The little Peacock Orchid is completely unfairly rarely grown both in indoor floriculture and in the garden. Despite its tiny size, the plant is incredibly spectacular and decorative. The only drawback of the flower is that the life of the Peacock Orchid is very short.
An elegant plant comes from the foothill regions of India and China, but today a wonderful baby in the wild is easy to meet in the north of Thailand and Laos, near the southern and southeastern outskirts of Burma, in the central regions of Nepal and Vietnam Orchids. Peacock Orchid grows at an altitude of 600 to 4200 m above sea level and prefers a cool climate.
For the first time, a tiny orchid was described by a British botanist David Don at the beginning of the 19th century. Among natural species and natural hybrids, most lead an epiphytic or terrestrial lifestyle, only a few plants prefer to settle on rocks.
The name of the genus was given to small orchids on behalf of the mythological mother of the Pleiades sisters. It is connected, most likely, with the property of the plant to form many daughter pseudobulbs near the flask-shaped parental tuberidium, which in some species acquires a purple-violet hue instead of dark green. There is also a Pleione star in the constellation Taurus, as well as a tiny plant named after the heroine of ancient Greek mythology. Types of orchids with pictures and names.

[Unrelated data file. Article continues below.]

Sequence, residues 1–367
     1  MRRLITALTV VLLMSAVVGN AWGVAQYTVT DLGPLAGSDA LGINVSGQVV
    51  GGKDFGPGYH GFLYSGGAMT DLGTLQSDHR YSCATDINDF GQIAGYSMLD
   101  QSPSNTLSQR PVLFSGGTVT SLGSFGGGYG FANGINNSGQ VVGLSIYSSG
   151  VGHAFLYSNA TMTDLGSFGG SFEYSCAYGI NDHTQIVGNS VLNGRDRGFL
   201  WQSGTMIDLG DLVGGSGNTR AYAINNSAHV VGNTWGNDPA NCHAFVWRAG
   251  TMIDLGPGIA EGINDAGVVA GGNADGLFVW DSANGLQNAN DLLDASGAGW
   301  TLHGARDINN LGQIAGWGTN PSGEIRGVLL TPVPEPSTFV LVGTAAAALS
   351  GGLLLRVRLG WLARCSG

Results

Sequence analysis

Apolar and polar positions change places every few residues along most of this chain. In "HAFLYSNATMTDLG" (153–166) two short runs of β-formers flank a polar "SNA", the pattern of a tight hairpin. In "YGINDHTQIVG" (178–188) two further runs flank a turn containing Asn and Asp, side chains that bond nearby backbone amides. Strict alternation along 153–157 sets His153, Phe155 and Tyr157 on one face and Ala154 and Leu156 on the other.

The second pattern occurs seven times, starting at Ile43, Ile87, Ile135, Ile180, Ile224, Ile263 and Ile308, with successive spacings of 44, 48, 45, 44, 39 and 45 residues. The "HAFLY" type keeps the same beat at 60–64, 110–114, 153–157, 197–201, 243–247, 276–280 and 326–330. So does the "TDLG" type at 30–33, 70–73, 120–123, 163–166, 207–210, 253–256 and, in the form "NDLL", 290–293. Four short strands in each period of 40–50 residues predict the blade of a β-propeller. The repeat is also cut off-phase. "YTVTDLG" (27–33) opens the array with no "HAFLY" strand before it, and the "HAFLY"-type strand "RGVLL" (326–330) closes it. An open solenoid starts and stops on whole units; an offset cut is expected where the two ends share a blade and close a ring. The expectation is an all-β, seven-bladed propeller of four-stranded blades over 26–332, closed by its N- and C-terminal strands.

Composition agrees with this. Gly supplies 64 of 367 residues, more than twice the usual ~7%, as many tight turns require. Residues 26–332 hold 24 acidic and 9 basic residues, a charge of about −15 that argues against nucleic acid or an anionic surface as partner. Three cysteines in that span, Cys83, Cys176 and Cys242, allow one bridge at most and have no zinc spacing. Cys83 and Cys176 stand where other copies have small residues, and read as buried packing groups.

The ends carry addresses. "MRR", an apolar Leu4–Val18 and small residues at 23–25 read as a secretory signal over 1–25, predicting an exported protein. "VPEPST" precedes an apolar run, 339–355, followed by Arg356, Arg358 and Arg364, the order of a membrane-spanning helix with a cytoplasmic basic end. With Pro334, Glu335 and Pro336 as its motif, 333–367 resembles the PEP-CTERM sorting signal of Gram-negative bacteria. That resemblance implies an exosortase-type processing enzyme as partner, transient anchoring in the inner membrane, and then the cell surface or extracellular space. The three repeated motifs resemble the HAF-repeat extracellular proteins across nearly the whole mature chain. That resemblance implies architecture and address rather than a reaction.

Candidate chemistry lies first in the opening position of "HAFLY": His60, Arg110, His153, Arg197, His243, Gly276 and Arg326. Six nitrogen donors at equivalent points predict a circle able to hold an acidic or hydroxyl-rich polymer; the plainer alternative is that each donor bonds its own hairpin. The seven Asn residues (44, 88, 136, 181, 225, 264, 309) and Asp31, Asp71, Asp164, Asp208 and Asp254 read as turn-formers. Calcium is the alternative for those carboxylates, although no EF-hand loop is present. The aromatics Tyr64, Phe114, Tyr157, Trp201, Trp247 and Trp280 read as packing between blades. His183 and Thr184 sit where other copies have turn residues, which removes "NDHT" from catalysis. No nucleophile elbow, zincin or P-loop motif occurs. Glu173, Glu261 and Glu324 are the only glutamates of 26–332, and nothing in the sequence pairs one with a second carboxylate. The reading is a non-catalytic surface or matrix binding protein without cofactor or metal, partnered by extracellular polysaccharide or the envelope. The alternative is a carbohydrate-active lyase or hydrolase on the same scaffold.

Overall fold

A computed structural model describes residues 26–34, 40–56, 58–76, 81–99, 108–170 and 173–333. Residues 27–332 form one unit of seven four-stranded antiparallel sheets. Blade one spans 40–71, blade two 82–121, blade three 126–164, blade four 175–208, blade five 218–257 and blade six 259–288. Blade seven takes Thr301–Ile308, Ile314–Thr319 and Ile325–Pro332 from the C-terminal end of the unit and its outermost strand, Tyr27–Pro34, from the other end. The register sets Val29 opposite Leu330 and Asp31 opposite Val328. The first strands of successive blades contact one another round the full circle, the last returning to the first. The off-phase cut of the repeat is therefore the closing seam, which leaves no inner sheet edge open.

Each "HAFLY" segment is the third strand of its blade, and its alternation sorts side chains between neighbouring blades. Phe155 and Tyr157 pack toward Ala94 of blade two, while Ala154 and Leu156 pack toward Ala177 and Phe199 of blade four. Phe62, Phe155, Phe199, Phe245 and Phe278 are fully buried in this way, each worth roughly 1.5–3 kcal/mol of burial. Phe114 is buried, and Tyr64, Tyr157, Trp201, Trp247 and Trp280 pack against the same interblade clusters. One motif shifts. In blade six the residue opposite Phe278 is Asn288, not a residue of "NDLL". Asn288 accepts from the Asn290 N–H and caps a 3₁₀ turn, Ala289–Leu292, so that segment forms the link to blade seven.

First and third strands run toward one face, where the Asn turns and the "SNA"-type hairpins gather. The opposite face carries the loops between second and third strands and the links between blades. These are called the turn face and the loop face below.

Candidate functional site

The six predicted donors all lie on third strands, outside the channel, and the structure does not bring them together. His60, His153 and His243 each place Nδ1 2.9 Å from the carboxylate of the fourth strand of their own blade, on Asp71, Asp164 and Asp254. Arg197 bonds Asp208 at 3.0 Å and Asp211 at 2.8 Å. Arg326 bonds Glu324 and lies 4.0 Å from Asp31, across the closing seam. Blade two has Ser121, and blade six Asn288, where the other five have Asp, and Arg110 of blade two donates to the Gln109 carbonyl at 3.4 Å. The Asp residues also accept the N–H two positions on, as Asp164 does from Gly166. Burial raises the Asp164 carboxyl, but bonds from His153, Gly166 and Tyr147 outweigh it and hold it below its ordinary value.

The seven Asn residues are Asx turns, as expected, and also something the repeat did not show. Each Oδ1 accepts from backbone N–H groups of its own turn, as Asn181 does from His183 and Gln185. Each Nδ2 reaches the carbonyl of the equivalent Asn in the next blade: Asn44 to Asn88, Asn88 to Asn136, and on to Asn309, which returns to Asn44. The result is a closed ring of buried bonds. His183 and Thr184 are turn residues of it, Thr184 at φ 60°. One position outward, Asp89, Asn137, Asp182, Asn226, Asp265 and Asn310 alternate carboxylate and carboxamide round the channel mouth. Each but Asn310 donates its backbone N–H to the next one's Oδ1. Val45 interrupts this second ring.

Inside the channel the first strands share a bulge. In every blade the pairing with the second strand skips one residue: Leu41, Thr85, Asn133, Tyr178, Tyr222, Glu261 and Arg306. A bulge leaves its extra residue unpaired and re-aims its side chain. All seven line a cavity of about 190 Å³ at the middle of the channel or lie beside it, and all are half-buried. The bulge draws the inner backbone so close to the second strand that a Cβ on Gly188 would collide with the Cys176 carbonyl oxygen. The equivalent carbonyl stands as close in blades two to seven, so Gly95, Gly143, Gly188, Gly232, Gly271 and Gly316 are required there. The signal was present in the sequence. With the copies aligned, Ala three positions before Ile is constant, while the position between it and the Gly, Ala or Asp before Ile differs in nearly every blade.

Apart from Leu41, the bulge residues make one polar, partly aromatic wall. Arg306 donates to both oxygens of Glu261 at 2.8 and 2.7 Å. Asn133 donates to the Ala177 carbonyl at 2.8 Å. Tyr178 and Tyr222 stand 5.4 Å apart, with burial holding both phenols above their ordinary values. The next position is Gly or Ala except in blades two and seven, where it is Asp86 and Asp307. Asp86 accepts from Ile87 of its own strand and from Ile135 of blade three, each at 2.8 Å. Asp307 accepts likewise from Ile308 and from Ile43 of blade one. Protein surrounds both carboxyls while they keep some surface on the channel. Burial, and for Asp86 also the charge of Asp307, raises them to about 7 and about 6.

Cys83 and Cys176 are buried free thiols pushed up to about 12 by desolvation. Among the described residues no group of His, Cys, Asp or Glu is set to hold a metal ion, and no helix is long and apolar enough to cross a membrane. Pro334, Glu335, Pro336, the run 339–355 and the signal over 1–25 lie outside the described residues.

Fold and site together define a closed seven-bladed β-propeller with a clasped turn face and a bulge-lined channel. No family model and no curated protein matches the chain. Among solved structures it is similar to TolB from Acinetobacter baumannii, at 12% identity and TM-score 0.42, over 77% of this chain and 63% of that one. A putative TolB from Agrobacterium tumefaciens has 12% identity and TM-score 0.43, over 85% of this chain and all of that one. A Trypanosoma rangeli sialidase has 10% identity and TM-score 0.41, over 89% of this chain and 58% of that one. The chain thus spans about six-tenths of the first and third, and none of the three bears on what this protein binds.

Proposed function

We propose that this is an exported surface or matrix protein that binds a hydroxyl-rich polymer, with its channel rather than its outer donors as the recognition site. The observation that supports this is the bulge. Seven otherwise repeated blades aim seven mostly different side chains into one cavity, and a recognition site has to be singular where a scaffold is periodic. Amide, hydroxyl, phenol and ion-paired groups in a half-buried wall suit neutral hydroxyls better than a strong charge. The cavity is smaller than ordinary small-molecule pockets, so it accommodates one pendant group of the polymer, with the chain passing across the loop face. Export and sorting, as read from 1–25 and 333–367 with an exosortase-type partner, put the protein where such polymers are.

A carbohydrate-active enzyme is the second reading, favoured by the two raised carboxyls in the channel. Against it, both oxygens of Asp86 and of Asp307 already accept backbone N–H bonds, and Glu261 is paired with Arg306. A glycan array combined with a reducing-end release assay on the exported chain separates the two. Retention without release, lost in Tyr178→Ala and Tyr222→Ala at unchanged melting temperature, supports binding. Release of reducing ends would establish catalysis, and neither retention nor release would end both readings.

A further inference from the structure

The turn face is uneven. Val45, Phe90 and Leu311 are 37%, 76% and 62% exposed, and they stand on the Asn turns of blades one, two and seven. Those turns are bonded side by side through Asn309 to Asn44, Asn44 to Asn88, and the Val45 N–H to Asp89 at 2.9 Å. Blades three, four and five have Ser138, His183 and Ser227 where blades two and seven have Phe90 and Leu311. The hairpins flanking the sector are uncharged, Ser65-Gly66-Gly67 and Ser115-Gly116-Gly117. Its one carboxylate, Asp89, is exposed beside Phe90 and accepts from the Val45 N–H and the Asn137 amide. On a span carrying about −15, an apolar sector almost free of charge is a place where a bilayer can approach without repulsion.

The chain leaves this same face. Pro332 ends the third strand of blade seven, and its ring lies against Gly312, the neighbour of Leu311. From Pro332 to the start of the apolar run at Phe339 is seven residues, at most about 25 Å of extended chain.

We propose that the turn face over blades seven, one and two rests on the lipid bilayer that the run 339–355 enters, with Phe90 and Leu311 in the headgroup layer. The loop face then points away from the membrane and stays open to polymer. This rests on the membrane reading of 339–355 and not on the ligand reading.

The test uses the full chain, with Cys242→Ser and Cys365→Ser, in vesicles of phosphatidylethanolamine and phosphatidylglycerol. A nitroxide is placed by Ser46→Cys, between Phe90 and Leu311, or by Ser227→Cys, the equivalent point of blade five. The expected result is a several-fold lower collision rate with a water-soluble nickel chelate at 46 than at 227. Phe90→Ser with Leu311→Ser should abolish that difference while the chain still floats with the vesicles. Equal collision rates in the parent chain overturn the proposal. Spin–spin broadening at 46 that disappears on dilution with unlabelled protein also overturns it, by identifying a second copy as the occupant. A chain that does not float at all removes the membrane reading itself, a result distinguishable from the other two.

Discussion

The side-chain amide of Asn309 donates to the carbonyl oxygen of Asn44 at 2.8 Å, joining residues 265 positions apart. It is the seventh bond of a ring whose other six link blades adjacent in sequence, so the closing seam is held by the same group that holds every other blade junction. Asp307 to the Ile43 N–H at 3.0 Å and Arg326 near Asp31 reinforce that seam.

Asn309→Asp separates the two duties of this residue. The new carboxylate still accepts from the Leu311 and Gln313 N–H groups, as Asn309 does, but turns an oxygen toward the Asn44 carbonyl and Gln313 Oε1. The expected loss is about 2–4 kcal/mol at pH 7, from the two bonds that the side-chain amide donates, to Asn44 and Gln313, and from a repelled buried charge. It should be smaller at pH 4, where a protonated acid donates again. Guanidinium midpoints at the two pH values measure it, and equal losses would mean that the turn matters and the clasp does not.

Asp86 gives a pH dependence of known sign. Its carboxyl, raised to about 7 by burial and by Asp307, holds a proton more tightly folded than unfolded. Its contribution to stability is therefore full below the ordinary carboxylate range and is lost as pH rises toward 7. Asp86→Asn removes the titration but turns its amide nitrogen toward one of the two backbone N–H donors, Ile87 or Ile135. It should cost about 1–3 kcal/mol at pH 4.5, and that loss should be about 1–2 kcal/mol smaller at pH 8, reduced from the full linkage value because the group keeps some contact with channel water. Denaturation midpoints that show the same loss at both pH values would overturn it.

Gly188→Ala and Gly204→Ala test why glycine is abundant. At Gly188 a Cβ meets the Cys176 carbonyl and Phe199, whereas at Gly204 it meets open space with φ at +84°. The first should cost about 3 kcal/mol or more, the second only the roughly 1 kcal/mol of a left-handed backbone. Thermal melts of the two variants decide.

Botanical description of Peacock Orchid
In the spring, from the beak-shaped crown of each pseudobulb, reaching the size of a walnut in its mature state, as a rule, one or two elongated oval leaves are formed, which die off in the same way as the old maternal pseudobulb, with the advent of winter.
Peduncles are short, appear early in spring before foliage blooms, only in some species in autumn. Usually, 1-2 flower-bearing stems are formed from one pseudobulb, which carry one flower up to 6 cm in circumference, very rarely two. The petals are fanned out like a peacock’s tail. From their base, a tubular lip is inclined perpendicularly, all in patterns of speckles, dashes or wavy lines.
The color palette of natural species is limited to lilac-pink hues, and cultivated hybrids bred by breeders have a wider range of halftones – from snow-white and pale yellow to pink-raspberry, purple-lilac, coral.
Peacock Orchid Varieties and Types
Scientists have not come to a consensus on the number of species and natural hybrids: the British call 19, Italian experts – 22 species. According to The Plant List database, the Pleione genus in the Orchidaceae family includes 26 species. The most popular of them in cultivation: